It’s six in the morning and it’s already hot — real hot. I’m with my crew, 282 feet below sea level in the Badwater Basin of California’s Death Valley, waiting for my heat to begin its journey across 135 miles of blazing desert. For months, I trained in a sauna for hours a day. I pumped away on a Stairmaster trying to build up “heat tolerance” for this extreme weather, but it’s still nothing compared to the real thing.
Some of the competitors in my group are walking around dressed in white, heat-shielding clothes. It gives the scene a crazy feel: I am among aliens. Despite the shock and otherworldly weirdness of the scenario, I feel confident. OK, I’m a little terrified, but at the same time, good.
I just want to get moving.
I have two goals as the race director readies us for the start: The first is just to survive the race and 120-degree temperatures. The second is to shoot for the buckle, which is awarded to all competitors who finish the race in less than 48 hours.
The race starts fine. I feel really good running through the first checkpoint. But at Mile 24 — nearly one whole marathon into the race — I develop severe heat cramps in my legs and stomach. My crew assures me that I am taking in plenty of electrolytes and salt, but my body doesn’t seem to be processing it properly.
I start deteriorating quickly. My fluids are just sloshing in my stomach, and I feel bloated. I projectile vomit. I will repeat that process for the next 40 miles.
I’m absolutely miserable. Depressed. I wonder if I’m going to make it. I can’t help but think about how much farther I have to go.
Fifteen hours into the race, I’m still puking. I haven’t urinated, and it’s starting to freak me out.
As night falls, we reach Panamint Springs to rest. I finally pee. Some flat Coca-Cola settles my stomach. A little chicken noodle soup and a high-sodium drink get my electrolytes back to normal, but I still feel like I really got my ass kicked.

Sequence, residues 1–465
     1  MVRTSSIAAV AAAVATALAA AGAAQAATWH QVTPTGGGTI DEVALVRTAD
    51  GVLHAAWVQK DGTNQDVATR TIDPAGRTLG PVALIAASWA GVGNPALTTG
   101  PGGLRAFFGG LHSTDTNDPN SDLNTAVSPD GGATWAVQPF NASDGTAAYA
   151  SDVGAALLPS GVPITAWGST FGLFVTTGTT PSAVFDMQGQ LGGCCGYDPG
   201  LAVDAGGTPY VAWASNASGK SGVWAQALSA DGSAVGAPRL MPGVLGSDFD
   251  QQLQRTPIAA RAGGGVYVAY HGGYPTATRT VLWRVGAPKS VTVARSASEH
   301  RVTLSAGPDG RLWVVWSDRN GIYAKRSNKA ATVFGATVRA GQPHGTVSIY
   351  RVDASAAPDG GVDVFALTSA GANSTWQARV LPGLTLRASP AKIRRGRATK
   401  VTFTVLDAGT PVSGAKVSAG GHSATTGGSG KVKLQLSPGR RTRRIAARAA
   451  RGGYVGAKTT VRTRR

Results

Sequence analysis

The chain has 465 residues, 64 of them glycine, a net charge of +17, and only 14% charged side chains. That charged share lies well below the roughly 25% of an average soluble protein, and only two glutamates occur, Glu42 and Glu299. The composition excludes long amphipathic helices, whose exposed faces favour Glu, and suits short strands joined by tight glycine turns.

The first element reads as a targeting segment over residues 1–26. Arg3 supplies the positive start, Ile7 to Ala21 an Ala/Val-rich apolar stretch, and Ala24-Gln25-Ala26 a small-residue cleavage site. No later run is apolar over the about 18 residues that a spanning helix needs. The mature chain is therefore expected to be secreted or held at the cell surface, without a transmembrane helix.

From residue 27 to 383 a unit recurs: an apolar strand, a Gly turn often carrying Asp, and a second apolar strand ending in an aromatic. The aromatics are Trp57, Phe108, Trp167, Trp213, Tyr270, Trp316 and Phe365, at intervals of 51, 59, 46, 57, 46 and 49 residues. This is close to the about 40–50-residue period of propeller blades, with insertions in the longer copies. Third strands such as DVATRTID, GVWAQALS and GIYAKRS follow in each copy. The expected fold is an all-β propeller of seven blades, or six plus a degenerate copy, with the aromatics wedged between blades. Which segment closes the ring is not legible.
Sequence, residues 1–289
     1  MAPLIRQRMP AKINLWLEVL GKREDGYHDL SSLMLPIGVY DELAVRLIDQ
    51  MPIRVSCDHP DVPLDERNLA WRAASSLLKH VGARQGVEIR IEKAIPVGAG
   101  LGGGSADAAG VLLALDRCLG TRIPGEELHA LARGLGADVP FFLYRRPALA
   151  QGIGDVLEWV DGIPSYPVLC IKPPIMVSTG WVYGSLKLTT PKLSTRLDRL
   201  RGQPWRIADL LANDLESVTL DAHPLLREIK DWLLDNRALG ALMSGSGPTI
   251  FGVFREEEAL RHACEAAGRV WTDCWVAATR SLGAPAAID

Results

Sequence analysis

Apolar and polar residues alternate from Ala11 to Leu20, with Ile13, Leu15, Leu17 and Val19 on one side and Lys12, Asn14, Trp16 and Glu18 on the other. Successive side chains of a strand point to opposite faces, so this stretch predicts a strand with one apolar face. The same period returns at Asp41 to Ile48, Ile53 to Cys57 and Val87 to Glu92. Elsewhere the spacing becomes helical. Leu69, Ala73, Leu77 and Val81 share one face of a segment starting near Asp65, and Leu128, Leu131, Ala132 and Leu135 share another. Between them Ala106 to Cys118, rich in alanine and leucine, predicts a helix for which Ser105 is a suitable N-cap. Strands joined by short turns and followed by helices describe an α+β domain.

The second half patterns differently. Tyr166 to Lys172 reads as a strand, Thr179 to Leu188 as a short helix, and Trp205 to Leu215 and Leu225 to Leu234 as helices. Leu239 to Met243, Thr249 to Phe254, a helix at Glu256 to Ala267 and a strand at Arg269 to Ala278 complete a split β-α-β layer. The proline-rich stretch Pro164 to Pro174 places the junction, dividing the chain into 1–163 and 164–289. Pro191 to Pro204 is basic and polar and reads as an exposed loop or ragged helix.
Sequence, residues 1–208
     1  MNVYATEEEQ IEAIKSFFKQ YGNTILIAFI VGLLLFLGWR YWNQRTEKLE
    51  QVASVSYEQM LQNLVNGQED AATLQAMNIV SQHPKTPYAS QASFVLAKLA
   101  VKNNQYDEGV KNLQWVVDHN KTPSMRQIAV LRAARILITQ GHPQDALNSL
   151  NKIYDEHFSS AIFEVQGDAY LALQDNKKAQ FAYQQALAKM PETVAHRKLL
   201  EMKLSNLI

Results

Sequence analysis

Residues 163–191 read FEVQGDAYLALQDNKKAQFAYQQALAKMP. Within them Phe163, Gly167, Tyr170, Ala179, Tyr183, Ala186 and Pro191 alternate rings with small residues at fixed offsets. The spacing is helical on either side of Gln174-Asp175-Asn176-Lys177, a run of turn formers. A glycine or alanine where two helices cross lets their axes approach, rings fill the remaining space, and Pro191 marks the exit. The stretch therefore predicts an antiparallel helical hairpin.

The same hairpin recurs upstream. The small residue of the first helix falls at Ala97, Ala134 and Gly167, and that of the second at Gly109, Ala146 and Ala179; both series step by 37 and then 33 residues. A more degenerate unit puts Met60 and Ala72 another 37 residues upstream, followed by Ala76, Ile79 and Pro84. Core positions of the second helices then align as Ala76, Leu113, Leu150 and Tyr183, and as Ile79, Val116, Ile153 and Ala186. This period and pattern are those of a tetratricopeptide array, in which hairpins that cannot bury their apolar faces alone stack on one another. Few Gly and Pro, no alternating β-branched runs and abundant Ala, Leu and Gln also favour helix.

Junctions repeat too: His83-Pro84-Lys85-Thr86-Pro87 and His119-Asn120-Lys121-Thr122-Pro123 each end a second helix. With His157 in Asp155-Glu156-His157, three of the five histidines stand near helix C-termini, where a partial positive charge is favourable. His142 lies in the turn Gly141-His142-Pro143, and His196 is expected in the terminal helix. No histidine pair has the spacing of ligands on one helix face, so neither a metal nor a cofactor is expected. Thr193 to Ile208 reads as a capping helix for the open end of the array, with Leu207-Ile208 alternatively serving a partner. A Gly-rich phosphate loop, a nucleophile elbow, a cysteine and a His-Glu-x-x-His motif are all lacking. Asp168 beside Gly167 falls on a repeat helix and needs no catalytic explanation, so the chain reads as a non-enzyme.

My feet are a mess of blisters. I close my eyes for some rest as one of my crew works on them, popping the blisters and sealing them with duct tape, then it’s back to the race.
I pass into the company of another runner, Marshall Ulrich, who has made the Badwater crossing more than 20 times. He tells me I’m doing great, that from our position I could walk it and come in under the cutoff time for the belt. This encouragement keeps me moving — sometimes very slowly, butmoving.
At Mile 85 I feel good in my mind, and I’m sure I can finish this, only to quickly lose all positive thoughts again at Mile 90. The highs and lows of this race are extreme and exhausting.
A mile later, my crew senses my drop in confidence and gets me off the road. I’m in bad shape.
I feel like I’ve arrived at the gates of hell.
Still, somehow, I am able to gag down a bit of turkey sandwich and a few Pringles. I feel numb and defeated. I watch as 15, 20 runners pass me by. Suddenly, I am angry at myself.
All I’ve done the whole race is cry and moan to my friends and crew, and I think,F--- it! I’m going to finish this race or die. And with that resolve, I’m out of my chair, putting my headphones in place and running again.
I don’t know what’s in me, but I run steadily to Mile 122, Portal Road, the last checkpoint before the 13-mile, 4,500-foot climb to the finish line at Whitney Portal. Here, I’m joined by my friend and crew member, Aron Ralston, who encourages and paces me at a great clip to the finish. The race was like running in hell then finally breaking through into life.
Out of all the runners, I had the seventh fastest time for the last 50 miles. My time for the entire race: 39 hours, 18 minutes and 6 seconds. Good for 27th place.
I survived. I finished. I got the buckle.